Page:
Do no wrong? (Psalm 119:3)

…who also do no wrong, but walk in his ways (Psalm 119:3).

I shouldn’t cut this sentence in half, but I’ve committed to only focus on one verse per blog and since I’m only on the third verse of Psalm 119 I didn’t think I should break my rules so soon.  But I guess it’s  OK to briefly explain how verse 3 relates to verse 2.

The previous verse spoke of how happy or blessed the person is who keeps YHWH’s decrees and seeks YHWH whole-heartedly.  So, divine blessing “also” (the Hebrew word ap means “also”, it begins with the letter Aleph and is the first word in this verse, which is still in the Aleph section of the psalm) applies to the does no wrong and walks in God’s ways.

“Do no wrong”– is that possible?  While Psalm 119:3 doesn’t seem to fit other teachings of Scripture since it seems to describe a “perfect” person, this idea is repeated twice in 1 John (3:9; 5:18), which argues that the ones that are “born of God” do not sin because they are “born of God”.  Yes, that does sound circular, but it’s still true.

Similarly in Psalm 119, the person who does no wrong walks in the ways of God.  They are focused on God, God’s words, God’s laws and God’s ways.  If that is what characterizes you, you can’t go wrong.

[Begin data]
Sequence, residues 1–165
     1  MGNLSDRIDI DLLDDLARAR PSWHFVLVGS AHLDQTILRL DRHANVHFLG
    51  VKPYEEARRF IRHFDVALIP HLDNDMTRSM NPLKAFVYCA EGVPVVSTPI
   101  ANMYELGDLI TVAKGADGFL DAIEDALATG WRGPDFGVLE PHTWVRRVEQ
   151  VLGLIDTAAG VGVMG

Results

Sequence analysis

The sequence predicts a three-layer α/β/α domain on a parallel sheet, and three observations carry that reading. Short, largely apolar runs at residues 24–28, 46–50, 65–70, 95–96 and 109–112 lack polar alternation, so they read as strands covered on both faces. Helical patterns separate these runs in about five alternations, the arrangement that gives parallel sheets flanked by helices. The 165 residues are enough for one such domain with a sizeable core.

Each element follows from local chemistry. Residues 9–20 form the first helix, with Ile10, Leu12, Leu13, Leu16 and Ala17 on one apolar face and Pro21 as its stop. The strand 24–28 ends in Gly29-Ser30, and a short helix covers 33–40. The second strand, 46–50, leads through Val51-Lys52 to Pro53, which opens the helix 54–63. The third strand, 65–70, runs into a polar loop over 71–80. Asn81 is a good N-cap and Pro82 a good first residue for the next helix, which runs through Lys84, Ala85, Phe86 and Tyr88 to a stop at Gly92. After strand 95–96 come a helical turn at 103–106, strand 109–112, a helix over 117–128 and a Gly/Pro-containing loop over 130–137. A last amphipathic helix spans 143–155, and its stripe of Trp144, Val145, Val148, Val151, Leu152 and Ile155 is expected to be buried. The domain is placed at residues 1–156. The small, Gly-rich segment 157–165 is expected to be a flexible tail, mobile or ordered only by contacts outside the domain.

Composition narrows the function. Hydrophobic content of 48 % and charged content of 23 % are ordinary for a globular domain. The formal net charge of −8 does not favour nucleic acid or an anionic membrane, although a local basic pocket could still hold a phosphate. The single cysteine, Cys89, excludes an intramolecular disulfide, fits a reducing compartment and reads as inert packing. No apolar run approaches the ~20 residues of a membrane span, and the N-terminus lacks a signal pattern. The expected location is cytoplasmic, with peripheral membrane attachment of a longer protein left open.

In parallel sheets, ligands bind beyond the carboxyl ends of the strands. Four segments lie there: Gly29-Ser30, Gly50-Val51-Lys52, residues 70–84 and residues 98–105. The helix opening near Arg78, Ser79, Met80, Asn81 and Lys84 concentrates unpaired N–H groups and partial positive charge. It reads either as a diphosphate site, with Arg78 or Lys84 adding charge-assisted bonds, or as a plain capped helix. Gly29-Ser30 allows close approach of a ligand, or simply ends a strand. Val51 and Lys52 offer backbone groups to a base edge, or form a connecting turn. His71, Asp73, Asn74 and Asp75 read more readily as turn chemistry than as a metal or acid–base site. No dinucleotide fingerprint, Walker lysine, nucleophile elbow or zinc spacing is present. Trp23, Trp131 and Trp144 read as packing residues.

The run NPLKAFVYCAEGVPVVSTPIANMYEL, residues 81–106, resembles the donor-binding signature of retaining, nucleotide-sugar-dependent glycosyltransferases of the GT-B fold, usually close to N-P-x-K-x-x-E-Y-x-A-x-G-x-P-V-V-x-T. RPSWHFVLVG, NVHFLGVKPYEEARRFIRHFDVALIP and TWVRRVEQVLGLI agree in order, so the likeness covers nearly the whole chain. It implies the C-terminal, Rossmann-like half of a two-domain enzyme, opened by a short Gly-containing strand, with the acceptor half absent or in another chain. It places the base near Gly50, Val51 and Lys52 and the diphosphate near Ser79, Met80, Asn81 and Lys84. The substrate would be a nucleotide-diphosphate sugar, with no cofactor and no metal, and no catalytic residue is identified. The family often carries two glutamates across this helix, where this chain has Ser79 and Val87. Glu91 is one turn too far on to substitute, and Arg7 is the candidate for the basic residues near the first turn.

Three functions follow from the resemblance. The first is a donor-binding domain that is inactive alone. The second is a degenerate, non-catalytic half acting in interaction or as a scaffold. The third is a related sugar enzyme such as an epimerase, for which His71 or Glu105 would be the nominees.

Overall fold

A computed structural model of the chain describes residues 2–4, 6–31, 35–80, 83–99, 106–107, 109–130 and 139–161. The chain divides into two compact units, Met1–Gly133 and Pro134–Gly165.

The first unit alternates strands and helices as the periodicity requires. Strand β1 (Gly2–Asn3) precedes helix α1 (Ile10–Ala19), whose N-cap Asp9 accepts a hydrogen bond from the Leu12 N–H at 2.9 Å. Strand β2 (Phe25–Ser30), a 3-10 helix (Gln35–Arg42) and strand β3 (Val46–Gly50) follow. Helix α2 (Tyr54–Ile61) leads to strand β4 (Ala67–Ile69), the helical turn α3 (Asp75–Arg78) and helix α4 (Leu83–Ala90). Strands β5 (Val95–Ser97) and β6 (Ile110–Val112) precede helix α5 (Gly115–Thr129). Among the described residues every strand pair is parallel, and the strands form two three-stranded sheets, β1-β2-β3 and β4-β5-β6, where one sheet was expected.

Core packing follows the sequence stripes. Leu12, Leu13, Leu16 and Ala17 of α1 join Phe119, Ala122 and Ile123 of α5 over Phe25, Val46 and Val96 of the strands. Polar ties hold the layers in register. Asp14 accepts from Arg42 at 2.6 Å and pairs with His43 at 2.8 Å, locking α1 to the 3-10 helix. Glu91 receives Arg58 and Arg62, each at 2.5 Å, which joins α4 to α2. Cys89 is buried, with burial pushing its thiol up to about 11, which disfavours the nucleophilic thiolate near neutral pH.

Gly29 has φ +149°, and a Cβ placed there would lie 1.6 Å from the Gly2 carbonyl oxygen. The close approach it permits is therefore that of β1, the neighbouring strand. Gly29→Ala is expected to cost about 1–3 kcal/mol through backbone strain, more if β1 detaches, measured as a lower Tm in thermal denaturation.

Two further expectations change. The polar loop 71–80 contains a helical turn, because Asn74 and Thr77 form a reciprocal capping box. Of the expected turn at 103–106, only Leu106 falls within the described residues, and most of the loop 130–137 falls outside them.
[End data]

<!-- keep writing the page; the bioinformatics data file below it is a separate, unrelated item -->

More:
What do you think it means to “do no wrong”?

One comment

  1. It certainly is interesting that “being righteous” seems to be very different in the OT than in the NT: In the NT it seems to be unattainable, yet in the OT it seems not only attainable, but actually expected.

    I have only just recently started explore this topic, so I don’t have any answers at this point, only guesses. The guess is that it has to do with the difference between being moral and being justified and welcomed into God’s family (pulling from NT Wright).

    In other words, the Bible (as a whole) say there is nothing we can do to “justify” us being his, but it is at the same time expects that we will be righteous in actions.

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